“In 1893, I produced photographs in the dark with the use of electrical waves, and I have attributed them to the Hertzian waves. It is barely possible that my pictures were due to the X rays.

“A great general misconception about Roentgen’s discovery and its possibilities would be corrected if it were remembered that his rays cannot be reflected by any thing, or refracted by a lens of any substance. Hence no image can be produced. The rays pass through substances transparent or translucent to them and cast shadows on the negative which are fixed there.

“It is wholly the fixation of shadows. The bones of the hand being opaque to the rays cast their shadow on the plate when the rays pass through the hand. The negatives used are prepared for the effect of light. Negatives better adapted to these rays may be expected to be invented.”


As you might imagine, the suggestion from the very early days of X-ray technology to try making your own at home was not the smartest advice.

A modern medical study has shown that an X-ray machine from 1896 actually exposed the body to 1,500 times more radiation than does the tech of today.

In fact, Gerrit J Kemerink PhD, one of the study’s authors, noted, “Many operators of the early x-ray systems experienced severe damage to hands over time, often necessitating amputations or other surgery.”

X-Rays at home

The following simple and inexpensive device for the production of X-rays is described in the Scientific American of June 11, from which we also copy the accompanying [above] illustration:

“The expense of special Crookes tubes, powerful coils and batteries has deterred many from entering this interesting field of experiment; but R. McNeil of this city has recently devised apparatus in which an ordinary incandescent lamp is substituted for the Crookes tube, and an induction-coil of common form is made to supply electricity of sufficiently high potential to produce the X-ray phenomena.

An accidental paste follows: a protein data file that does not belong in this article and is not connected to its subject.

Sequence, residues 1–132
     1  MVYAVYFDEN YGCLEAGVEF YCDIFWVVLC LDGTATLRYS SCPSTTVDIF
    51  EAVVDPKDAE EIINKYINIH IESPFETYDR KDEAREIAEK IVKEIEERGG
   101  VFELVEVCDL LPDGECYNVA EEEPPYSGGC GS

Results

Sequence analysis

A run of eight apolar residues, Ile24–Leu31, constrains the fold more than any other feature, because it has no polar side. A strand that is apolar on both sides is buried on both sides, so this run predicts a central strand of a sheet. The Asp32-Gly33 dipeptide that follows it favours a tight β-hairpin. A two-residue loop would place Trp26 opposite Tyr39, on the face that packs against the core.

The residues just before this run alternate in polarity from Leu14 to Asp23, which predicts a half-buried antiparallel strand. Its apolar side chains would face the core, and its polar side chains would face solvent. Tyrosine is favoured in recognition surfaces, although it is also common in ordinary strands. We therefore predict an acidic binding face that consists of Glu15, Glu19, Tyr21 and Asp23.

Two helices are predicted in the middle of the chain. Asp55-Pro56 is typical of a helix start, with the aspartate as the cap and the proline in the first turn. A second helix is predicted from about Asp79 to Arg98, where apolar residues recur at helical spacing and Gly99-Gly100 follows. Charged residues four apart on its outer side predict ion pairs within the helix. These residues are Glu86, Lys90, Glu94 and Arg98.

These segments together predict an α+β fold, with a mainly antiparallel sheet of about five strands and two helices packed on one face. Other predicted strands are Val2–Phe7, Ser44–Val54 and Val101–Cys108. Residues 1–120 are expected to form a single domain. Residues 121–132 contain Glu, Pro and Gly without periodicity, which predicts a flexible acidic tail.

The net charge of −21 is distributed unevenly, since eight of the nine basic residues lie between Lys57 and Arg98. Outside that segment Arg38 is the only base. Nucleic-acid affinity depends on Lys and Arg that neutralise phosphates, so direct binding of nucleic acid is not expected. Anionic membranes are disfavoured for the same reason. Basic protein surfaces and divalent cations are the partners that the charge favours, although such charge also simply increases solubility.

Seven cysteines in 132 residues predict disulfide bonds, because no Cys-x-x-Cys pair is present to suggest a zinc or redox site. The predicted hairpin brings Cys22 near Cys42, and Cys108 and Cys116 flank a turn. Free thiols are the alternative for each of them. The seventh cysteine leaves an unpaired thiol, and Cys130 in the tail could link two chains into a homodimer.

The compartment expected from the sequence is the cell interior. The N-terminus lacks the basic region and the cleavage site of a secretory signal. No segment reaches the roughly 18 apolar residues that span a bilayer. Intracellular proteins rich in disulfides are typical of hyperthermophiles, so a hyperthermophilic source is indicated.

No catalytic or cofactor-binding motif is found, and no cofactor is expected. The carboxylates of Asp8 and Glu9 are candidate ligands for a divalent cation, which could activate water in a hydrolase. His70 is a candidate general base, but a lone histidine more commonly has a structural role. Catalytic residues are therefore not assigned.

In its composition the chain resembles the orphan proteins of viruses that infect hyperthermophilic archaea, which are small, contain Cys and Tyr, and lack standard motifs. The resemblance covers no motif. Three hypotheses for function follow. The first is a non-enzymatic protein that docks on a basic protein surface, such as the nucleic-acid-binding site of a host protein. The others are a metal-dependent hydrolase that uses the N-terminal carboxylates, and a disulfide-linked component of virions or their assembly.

“The lamp, which is a 52-volt, 16-candlepower Sawyer-Man lamp, is made of German or lime glass. For convenience, it is mounted in an insulating standard. The top of the lamp is covered with aluminum foil, which is connected with one terminal of the secondary of the induction coil, and then the bottom is connected with the other terminal of the secondary, as shown. The X ray proceeds from the cathode.

By means of the fluoroscope the shadows of the bones of the hands and feet, also of the limbs, may be seen when they are placed between the instrument and the lamp.

“It has been found in this experiment that when a blue fog appears in the lamp, the vacuum is too low for the best results. By placing the lamp in the house circuit for fifteen or thirty minutes, the high vacuum is restored by the heat, and will remain good for about fifteen minutes.

“The coil is capable of giving a three-inch spark, and the X-ray produced by this simple and inexpensive apparatus is sufficient for making radiographs.”